"It's a bit of a closet secret that she's married to a country squire type," says the friend. "I don't think Emily has really totally got to grips with the English countryside. But she's a good sport. She wasn't born and bred into it, but she's a mucker-in. She's very well liked and popular with both the financial hedge fund banking crowd and arty-farty media types. It's quite unusual to blend in both worlds."
Born in Canada, Maitlis attended a comprehensive in Sheffield, where her parents still live. Her father is a scientist and her mother a physiotherapist. She read English at Queens' College, Cambridge, and speaks Italian, Spanish, French and "crap" Mandarin. She worked in the Far East for six years in radio and TV, including a stint for NBC Asia as business correspondent and with Channel 4 for the Hong Kong handover. In 1998, she joined Sky News as a news presenter and business correspondent. Three years later, she was poached by the BBC to present their local London news slot.
The BBC rates her "star quality", but journalist Amanda Platell says: "Jeremy Paxman she ain't. It's an insult to see someone, however beautiful and well educated, with so little political knowledge and experience presenting the BBC's flagship daily political show. It is simply a turnoff for those of us who want serious politics at the end of the day."
Maitlis takes no notice. "If someone says they [presenters] are young and thick, I forget to be offended ... It appeals to my inner Jordan," she said last week. When Kate Adie said that TV executives wanted presenters with "cute faces and cute bottoms and nothing in between", Maitlis observed: "Adie is an extremely clever woman with a book to promote."
Jon Snow, the highly respected presenter of Channel 4 News, is a fan. Maitlis was his fixer in Hong Kong in 1997. "She's really a very, very bright cookie indeed and I think she performs brilliantly," he said. "She was just incredibly efficient. She was a tremendous enthusiast in Hong Kong and it was clear that she was ambitious and that she would get there. She's focused, doesn't faff about, cuts to the quick. She'll give Newsnight a run for their money. She's young and zesty and I think she'll shake up the proceedings. She's very down to earth, very straight, very easy, no airs and graces."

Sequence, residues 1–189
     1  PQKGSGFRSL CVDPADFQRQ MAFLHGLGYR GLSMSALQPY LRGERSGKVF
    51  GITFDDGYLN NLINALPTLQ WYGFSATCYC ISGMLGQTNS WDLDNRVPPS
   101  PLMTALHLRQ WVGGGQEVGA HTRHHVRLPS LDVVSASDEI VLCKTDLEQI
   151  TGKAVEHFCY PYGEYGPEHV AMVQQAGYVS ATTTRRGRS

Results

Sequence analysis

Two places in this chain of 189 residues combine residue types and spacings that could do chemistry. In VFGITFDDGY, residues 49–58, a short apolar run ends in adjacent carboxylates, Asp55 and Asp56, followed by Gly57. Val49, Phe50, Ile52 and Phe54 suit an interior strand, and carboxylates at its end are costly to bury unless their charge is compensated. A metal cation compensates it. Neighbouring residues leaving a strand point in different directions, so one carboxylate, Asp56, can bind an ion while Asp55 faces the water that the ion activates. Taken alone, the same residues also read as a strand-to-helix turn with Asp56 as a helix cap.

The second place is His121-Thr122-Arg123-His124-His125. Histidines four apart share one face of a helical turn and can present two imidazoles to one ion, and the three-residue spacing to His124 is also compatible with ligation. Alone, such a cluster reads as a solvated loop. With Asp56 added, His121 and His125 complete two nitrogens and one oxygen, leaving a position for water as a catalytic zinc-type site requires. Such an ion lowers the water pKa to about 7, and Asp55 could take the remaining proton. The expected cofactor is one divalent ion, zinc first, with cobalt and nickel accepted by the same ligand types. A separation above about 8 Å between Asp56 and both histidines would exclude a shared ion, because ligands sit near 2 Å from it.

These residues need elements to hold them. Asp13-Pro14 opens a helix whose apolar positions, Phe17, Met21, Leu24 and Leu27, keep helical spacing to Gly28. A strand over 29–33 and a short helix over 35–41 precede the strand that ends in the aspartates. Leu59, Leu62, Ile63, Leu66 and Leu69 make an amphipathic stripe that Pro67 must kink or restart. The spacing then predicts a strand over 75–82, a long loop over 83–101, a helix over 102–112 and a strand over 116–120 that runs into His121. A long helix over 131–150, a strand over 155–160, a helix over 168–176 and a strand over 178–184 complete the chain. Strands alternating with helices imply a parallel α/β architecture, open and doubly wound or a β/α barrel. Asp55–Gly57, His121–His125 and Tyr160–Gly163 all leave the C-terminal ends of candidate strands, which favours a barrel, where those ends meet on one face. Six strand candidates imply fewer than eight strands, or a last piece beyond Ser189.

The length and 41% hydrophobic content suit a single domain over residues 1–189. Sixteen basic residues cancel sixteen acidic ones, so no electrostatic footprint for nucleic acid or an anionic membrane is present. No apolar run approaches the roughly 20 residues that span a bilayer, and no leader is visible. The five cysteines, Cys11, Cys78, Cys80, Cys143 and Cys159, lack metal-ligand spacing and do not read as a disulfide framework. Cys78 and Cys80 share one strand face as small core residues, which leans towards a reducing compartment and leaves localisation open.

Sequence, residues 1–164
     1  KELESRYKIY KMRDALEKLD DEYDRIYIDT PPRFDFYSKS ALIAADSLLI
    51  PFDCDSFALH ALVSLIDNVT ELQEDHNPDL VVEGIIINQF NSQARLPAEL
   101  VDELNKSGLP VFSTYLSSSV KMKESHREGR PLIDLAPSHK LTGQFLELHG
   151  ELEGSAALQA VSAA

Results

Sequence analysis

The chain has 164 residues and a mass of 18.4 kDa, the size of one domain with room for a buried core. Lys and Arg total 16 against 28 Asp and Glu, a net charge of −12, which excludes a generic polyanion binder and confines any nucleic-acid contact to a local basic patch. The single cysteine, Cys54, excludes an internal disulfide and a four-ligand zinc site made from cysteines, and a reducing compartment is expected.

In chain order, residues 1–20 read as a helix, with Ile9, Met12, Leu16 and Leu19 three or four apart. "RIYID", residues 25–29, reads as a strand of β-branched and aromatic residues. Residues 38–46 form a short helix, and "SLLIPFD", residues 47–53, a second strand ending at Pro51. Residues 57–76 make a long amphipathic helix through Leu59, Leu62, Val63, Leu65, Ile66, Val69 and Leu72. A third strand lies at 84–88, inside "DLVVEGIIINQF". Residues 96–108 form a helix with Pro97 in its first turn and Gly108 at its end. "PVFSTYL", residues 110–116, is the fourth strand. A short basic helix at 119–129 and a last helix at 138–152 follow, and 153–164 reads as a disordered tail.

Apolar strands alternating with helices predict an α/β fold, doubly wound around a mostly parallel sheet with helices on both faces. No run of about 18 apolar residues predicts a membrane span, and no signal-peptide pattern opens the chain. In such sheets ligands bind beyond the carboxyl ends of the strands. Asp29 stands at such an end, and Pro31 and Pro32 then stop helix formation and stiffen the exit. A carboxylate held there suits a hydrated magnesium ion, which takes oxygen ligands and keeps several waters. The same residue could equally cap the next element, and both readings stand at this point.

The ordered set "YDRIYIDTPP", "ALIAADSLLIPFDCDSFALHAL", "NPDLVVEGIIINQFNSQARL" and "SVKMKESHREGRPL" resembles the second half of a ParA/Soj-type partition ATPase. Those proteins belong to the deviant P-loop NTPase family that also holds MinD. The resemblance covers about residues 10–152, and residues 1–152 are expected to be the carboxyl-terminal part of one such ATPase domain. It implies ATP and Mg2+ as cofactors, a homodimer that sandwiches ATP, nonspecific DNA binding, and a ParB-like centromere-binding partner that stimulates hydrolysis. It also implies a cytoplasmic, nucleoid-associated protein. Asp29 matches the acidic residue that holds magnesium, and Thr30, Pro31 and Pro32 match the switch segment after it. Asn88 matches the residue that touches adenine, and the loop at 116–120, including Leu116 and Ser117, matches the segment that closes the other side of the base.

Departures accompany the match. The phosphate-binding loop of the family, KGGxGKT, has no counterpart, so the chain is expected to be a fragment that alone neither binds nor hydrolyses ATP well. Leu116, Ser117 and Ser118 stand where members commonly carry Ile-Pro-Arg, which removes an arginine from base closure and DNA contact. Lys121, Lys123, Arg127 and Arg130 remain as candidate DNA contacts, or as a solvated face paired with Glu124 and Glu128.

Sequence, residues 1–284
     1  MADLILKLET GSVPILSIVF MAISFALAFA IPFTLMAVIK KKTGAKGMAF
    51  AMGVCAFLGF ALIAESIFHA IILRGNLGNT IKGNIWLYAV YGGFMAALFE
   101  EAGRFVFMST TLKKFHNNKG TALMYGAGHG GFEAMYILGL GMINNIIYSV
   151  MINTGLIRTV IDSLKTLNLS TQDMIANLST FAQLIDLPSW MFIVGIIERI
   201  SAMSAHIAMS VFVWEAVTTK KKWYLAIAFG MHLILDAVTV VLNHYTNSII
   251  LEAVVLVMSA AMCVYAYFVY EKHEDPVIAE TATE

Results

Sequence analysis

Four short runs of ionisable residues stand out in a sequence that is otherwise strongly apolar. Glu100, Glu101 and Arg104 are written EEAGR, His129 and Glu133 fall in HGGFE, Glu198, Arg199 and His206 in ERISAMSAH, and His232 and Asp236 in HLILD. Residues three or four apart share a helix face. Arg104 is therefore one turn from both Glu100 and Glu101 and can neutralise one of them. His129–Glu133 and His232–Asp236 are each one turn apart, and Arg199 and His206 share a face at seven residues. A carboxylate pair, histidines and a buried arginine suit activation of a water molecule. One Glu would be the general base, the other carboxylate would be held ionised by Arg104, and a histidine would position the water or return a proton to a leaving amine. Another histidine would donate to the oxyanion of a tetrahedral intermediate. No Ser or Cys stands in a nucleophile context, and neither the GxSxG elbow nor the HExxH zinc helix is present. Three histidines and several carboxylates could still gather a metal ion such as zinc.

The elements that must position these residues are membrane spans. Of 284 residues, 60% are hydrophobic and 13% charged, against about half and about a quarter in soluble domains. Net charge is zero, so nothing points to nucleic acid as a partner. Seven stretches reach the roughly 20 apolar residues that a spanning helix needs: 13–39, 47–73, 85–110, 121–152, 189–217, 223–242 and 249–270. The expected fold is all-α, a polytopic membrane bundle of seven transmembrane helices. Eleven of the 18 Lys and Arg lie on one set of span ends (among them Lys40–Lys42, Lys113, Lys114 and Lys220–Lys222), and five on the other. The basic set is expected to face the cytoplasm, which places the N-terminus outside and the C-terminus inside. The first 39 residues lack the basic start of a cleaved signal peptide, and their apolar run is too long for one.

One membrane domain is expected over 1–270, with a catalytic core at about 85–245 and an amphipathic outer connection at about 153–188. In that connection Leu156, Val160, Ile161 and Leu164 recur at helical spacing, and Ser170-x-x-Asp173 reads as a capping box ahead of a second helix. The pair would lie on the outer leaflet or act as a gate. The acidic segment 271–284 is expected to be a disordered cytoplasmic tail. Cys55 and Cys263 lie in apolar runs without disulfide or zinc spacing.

Maitlis's intelligence off screen is not in dispute. "If you're sitting next to her at dinner she is the sort of person who will totally focus on you," says William Cash, a publisher and friend. "She's completely unintimidated by anybody whether it's a serious politician or a Hollywood Oscar-winning actress. She has an edgy intelligence. If the argument is not going very well she will end it by battering you down with facts. She's very witty and has a slightly dark humour."
But she can put her foot in it. She once asked the then Israeli Prime Minister Ehud Barak if a policy "had saved his bacon", and interviewing Liberal Democrat MP Sarah Teather about the party leadership she referred to "the Leb Dims".
Now doubt she is now laughing off the gaffes, as she will her exposure last week, for these are busy and exciting times for Maitlis. As well as appearing on Newsnight, she will be anchoring BBC News 24 four nights a week. With such a busy schedule and a child, she will have plenty of excuses not to find the time to fathom the intricacies of country sports.